A Parents Guide to Helping with Children’s Homework

You thought when you finished school you were done with homework. And you were… until you had kids. Now they are going to school, and having to do homework every night, and for some reason this means you are doing homework every night. Your brain may be rusted from non use (like mine was) and I found myself struggling a little bit to give my kids what they needed.

Help your child study with these simple homework guidelines, photo by chefranden

Help your child study with these simple homework guidelines, photo by chefranden

But helping your kids with homework should be easy, or at the very least not hard. To streamline things and make it easier to handle, follow these guidelines:

Don’t do the homework for them. This is the biggest rule of them all. If you do their homework once, they will keep coming back to you again and again. They will have to, since they didn’t learn it the first time. Even if they get questions wrong, its best to let them do the homework as best they can. Help them, yes, but do not do the homework for them.

Let the teacher know if your child is struggling. While you can’t do the homework for them, you can always talk to the teacher if they are having a particularly hard time. This will help the teacher help your child.

Be consistent. Pick a time and a place for homework, and make sure you stick to it. “Same Bat time, same Bat channel” as the old tv show used to say. If the child develops a pattern of working on their school work at the same time, in the same place every day, eventually it will turn into a habit. And these are the type of habits you want to encourage.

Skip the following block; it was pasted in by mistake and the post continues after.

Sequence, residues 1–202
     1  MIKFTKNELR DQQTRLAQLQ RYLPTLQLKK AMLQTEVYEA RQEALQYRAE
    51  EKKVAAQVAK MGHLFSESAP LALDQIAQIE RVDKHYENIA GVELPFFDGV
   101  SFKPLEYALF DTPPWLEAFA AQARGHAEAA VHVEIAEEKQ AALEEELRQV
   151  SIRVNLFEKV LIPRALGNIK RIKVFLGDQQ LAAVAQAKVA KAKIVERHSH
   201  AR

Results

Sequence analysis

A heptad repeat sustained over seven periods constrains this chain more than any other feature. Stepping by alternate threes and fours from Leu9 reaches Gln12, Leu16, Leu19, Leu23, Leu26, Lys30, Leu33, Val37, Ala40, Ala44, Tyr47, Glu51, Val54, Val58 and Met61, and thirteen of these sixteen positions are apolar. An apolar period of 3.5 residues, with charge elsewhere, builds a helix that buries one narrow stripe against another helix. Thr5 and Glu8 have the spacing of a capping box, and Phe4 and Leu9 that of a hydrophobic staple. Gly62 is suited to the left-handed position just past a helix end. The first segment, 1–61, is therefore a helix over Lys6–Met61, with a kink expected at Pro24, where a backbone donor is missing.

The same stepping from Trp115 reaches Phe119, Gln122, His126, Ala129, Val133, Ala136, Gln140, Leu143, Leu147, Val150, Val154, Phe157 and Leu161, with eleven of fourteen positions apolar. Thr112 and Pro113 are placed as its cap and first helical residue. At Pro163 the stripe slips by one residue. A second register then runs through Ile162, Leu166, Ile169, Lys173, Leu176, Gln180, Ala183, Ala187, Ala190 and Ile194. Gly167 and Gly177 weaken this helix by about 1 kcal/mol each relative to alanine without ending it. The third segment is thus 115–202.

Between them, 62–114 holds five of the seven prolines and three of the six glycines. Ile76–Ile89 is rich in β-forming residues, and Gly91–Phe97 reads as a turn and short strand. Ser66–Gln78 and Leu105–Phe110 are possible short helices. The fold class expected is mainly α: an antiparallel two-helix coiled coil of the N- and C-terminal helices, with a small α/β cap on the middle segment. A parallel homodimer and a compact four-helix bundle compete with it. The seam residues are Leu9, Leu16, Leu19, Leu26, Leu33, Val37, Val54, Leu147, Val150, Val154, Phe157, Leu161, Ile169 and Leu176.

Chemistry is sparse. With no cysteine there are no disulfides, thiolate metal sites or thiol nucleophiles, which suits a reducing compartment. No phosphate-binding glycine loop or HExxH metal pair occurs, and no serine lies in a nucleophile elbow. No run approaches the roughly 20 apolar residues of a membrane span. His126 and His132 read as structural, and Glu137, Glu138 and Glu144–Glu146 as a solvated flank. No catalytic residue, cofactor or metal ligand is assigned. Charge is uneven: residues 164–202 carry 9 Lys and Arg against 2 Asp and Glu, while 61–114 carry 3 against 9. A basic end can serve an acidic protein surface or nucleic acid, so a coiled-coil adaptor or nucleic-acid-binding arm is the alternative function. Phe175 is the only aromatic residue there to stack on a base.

Give them what they need, remove what they don’t. Now that you have a daily time and place for homework, perfect that place – remove any distractions, turn off movies, television, music, or anything else. Don’t stick them by an open window facing a playground. Clear the siblings out of the room. Make it peaceful and quiet so they can focus. And make sure they have any resources they need (paper, pencil sharpener, calculator, whatever books they need).

Set an example. Word to the wise – even if they can’t see the screen, you sitting next to them and playing Angry Birds on your phone counts as a distraction. You need to set an example, so as they do their homework sit with them and read a book, write, or a do a crossword puzzle. They want to be like you, so if you respect the study time, they will too.

Check over the homework. When they finish, look it over. Make sure its signed and all the problems are completed. If they have made a mistake, and you can help, then go over it with them.

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